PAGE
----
HR & BusinessHR and L&D Trends

What You Can Do to Spare Your Company From the Great Resignation

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The job market is recovering from the devastating hit the nation took at the start of the COVID-19 pandemic — but workers are resigning at record rates. Though 2021’s vaccine rollouts and lifted travel restrictions allowed companies to open more positions, job vacancies have soared to an all-time high, with over one million posts available in the UK. 4 million Americans quit their jobs in July 2021. Resignations peaked in April, according to the U.S Bureau of Labor Statistics, and have remained abnormally high for the last several months, with a record-breaking 10.9 million open jobs at the end of that month. The cost of these unfilled positions only worsens as quit rates rise, with 41% of the global workforce reporting plans to leave their employers within the next year. This phenomenon has been dubbed the “Great Resignation.”

Article written by Zea Peay

Why are workers quitting?

People lost their jobs at an alarming rate at the onset of the pandemic in 2020. Unemployment data from FXCM shows that the jobless population of the UK reached 1.62 million people, accounting for an unemployment rate of about 4.8%. And though the crisis caused a lot of severe economic distress, it also spurred a dramatic shift in priorities. Mass layoffs exposed unsupportive working environments, leading to insecurity even in those workers who remained employed. Subsequently, mass resignations signaled that employees were no longer willing to accept employment from companies that treated them as dispensable resources.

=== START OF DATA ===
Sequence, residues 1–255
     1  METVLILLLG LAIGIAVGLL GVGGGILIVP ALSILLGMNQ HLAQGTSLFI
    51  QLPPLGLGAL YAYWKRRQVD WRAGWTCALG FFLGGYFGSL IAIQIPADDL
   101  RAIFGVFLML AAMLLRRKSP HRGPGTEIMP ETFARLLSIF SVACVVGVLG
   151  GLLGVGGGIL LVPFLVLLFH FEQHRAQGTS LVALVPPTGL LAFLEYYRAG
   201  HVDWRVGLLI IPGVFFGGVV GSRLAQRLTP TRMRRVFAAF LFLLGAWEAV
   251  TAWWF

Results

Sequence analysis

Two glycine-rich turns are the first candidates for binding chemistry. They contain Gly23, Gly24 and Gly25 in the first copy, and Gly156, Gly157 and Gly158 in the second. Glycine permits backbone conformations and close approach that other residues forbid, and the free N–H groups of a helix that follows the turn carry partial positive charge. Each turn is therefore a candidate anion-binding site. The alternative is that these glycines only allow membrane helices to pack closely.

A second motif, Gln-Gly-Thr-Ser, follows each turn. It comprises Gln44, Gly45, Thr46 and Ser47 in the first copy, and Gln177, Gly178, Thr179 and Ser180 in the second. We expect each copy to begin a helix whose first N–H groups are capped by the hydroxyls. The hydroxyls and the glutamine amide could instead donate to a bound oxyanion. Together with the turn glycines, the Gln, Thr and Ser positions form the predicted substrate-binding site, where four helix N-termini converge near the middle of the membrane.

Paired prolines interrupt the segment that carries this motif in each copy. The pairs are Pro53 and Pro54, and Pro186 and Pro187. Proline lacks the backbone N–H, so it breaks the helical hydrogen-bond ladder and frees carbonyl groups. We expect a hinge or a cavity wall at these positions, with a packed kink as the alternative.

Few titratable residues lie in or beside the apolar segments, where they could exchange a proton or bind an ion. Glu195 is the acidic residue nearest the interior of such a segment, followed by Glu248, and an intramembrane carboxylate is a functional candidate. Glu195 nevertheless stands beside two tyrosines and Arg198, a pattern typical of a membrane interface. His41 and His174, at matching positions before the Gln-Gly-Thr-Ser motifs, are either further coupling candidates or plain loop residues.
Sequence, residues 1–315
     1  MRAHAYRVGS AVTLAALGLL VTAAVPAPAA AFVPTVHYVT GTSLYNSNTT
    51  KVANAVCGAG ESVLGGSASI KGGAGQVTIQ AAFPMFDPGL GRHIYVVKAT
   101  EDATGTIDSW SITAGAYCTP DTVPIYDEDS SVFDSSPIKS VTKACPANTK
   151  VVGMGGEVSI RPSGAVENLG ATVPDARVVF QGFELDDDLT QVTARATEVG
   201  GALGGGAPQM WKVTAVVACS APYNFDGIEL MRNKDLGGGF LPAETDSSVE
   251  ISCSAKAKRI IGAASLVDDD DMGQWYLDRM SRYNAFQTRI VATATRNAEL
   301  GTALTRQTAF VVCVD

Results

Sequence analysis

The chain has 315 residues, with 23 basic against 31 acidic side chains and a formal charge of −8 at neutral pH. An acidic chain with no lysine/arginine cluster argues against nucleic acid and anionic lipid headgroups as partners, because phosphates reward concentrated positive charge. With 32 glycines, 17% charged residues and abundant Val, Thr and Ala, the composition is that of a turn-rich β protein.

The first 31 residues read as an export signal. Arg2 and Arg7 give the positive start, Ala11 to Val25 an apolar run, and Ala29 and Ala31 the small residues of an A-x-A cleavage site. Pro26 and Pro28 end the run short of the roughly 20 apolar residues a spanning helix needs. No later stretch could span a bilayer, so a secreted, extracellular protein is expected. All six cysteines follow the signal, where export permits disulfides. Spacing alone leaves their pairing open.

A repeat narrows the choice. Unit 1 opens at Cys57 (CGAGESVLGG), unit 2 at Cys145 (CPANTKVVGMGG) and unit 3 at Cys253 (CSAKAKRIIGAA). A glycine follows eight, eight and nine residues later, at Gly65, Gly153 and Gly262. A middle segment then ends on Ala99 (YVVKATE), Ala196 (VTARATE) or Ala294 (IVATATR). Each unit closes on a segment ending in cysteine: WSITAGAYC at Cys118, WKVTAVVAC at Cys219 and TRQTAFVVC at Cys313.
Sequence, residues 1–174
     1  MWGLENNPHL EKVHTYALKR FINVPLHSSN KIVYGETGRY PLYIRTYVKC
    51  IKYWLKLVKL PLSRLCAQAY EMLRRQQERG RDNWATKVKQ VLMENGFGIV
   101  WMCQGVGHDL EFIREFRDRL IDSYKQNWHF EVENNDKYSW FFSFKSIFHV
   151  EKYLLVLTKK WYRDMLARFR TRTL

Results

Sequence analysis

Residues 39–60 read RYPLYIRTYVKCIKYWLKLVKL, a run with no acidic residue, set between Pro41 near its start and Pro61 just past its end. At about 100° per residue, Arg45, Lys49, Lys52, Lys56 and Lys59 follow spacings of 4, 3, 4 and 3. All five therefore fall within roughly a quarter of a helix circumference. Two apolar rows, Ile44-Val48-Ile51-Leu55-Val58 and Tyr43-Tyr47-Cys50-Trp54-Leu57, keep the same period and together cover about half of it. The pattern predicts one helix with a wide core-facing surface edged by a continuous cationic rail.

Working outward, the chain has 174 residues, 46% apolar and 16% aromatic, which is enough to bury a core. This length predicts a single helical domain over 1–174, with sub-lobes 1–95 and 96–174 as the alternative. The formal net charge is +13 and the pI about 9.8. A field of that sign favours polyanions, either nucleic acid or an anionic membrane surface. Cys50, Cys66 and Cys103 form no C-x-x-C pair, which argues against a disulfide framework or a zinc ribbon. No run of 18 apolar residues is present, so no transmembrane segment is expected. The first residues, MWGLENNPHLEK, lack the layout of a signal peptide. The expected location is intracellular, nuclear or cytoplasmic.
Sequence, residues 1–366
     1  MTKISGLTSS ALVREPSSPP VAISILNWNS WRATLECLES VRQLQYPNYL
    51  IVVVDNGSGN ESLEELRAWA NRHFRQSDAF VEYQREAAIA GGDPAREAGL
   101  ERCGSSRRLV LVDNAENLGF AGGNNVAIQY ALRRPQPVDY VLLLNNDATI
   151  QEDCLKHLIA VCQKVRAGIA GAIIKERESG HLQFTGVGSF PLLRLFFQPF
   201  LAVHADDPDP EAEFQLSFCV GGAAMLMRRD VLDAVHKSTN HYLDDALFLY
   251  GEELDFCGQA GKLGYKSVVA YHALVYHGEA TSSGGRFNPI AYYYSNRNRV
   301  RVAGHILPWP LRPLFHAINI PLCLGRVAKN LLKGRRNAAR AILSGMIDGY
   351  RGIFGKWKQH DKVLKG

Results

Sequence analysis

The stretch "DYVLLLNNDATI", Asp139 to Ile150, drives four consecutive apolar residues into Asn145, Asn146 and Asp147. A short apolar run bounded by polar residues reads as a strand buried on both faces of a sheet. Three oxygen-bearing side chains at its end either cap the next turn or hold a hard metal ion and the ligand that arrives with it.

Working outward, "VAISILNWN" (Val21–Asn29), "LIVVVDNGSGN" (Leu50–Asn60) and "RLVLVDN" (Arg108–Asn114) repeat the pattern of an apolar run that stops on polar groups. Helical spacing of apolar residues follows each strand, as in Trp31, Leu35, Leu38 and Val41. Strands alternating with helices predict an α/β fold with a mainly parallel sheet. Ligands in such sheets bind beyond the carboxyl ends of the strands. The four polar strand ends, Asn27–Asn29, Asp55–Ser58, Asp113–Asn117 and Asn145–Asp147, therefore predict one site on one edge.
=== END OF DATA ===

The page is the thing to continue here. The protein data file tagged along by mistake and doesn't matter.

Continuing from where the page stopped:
Additionally, time away from work forces individuals to acknowledge their other obligations, such as their families, their physical and mental health, and even their hobbies. Analysis by psychologist Anthony Klotz suggested that increased exposure to death and illness caused people to reflect on existential questions, such as whether their sense of personal purpose aligned with the ways in which they were spending their lives.

Such self-evaluations led to a shift in life direction. Therefore, one of the reasons for the Great Resignation is that employees who valued families quit work to spend more time with them, while employees who valued personal freedom sought jobs that offered more leisure time and vacation days. Both unemployment and remote working conditions also forced many to realize that they were shaping their entire lives around work when it should have been the other way around.